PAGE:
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MAESTRO

Fresh from the release of her debut single, 18-year old Claire Wilkinson a.k.a. CLAIRITY clears the airwaves for her EP Alienation with her synthpop songs of isolation that make listeners fall in love at first sound.

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n a suburban town in White House, Tennessee, 8-year old Claire Wilkinson took singing lessons and taught herself how to play the keyboard by watching videos on YouTube. The aspiring artist eventually caught the attention of Pebe Seberton, more known as pop star Kesha’s mom, who then introduced her to hitmaker Kara DioGuardi. A decade later, the singer-songwriter is introduced to the crowd of South By Southwest by her stage name Clairity. More recently, she released a fourtrack EP entitled Alienation, where she talks about her past, as well as what else she sees in her future. Describing her sound as “within the parameters of ambient pop,” she says she achieved what she intended to sonically create for her EP. “The new music has a more urban leaning vibe with some organic textures, like effected guitar, piano, and real drums, but it still feels like a Clairity record.” Owning up to a distinct style when it comes to her songs, she gets inspiration from a lot of other artists. “Fiona Apple, Björk, Imogen Heap, and Sia are all massive influences in both my writing and my aesthetic. Their intensity visually is

58 - statusmagonline.com

By Ida Aldana something I definitely aim to channel in my own way. They’re all such badass femme musical pioneers.” Aside from the influence of strong women in the industry, she’s also a big fan of Coldplay. “I look up to Chris [Martin] in so many ways. When he performs, I get the feeling that music is deeply spiritual for him, which is so cool to me. I’m obsessed.” Proving she’s wise beyond her age, she uses her past experiences of feeling like a social misfit as a drawing board for her music. “When I was younger, I felt like a total outcast, but I also felt guilty in some strange way for feeling those emotions. Feeling like a freak is, for lack of a better term, normal,” she shares. But sharing her personal struggles is more than just about telling her story. “My EP is meant to validate every imperfect emotion associated with the feeling of alienation. I want to reassure listeners that what they’re going through is real and human; we’re a nation of aliens, in some way. We all know what it’s like to be the weirdo in the room.” As comfortable as she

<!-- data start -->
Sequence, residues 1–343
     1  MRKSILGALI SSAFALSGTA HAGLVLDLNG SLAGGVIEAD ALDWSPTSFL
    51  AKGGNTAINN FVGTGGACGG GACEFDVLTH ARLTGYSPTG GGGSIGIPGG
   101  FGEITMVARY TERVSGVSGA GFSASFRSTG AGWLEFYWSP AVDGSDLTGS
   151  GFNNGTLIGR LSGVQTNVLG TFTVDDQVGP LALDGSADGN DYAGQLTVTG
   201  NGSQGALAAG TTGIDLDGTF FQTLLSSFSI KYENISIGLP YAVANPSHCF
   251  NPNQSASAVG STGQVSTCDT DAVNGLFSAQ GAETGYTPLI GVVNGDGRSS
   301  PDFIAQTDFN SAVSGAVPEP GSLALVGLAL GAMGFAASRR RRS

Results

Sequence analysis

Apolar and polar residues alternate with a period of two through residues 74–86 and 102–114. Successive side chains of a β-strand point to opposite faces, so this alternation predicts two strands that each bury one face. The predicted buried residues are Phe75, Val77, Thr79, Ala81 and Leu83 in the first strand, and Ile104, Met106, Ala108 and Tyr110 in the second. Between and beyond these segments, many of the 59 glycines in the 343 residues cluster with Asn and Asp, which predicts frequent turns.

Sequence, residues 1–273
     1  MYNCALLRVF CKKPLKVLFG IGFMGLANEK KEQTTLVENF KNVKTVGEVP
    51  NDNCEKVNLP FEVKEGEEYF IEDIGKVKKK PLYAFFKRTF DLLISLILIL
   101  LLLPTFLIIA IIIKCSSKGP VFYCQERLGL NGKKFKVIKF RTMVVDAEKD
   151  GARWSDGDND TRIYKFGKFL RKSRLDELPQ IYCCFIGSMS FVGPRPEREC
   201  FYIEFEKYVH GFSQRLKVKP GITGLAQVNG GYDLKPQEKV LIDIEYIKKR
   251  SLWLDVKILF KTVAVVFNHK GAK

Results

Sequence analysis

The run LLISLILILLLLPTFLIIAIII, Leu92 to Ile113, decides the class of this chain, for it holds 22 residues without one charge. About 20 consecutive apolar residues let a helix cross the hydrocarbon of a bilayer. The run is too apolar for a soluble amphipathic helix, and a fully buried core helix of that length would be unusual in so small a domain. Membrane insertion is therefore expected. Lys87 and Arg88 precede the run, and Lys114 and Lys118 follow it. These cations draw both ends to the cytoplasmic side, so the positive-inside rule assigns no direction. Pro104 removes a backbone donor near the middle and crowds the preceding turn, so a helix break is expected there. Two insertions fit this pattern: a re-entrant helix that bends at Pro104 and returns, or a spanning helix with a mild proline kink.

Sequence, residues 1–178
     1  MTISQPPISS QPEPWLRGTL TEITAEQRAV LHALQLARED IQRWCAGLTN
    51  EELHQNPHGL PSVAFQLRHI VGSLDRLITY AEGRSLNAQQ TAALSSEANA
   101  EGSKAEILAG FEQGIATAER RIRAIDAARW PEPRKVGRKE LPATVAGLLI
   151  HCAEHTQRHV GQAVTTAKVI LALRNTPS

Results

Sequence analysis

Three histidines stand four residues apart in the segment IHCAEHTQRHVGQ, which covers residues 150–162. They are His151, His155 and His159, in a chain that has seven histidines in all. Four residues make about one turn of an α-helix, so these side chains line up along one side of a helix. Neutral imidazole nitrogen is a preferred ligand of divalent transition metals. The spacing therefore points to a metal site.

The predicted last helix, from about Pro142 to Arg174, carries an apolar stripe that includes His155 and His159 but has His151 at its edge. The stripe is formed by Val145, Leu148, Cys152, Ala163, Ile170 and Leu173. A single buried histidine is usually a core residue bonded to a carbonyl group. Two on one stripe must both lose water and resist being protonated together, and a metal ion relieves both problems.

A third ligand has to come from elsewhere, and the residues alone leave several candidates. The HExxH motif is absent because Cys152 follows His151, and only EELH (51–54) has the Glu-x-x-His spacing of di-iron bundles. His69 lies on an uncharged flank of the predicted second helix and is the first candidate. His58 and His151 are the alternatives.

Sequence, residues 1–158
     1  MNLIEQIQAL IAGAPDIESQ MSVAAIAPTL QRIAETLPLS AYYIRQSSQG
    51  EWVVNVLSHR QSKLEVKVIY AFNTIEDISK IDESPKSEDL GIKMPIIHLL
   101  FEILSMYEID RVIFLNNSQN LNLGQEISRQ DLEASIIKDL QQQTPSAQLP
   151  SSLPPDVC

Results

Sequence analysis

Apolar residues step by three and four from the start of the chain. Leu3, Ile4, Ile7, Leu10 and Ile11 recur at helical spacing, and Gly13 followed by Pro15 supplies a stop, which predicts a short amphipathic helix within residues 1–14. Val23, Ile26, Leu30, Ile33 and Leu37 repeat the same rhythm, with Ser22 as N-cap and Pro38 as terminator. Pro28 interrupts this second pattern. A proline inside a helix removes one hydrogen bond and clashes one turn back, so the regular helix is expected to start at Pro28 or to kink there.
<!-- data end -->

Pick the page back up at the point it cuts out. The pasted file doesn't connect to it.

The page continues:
is now talking about feeling left out, she admits that there were times that she didn’t feel this way while growing up. “I recall walking into our gymnasium before class in the morning to see everyone staring back at me from the bleachers. I remember getting this very heavy, visceral sense of being judged and sized up,” she says. But this experience wasn’t for nothing. It made her set her sights on being an artist. “In that moment, I came to the conclusion that the only thing I ever wanted to be judged for was my art. It was the only way I believed I could communicate my truth as a person. I didn’t know how, but I had to show everyone.” Aside from finding a way to channel her feelings and reach out to people through her EP, she also developed her artistry. “I feel like I’ve learned a lot about what kind of records I want to make and what I want to say as an artist while writing this EP.” She also talks about how

STATUS Magazine November 2015 feat Lucky Blue Smith  

STATUS Magazine November 2015 feat Lucky Blue Smith Plus: Teresa Oman Nick Brewer Mija Clairity Oh, Flamingo! Jerrold Tarog Keiynan Lonsdal...

STATUS Magazine November 2015 feat Lucky Blue Smith  

STATUS Magazine November 2015 feat Lucky Blue Smith Plus: Teresa Oman Nick Brewer Mija Clairity Oh, Flamingo! Jerrold Tarog Keiynan Lonsdal...

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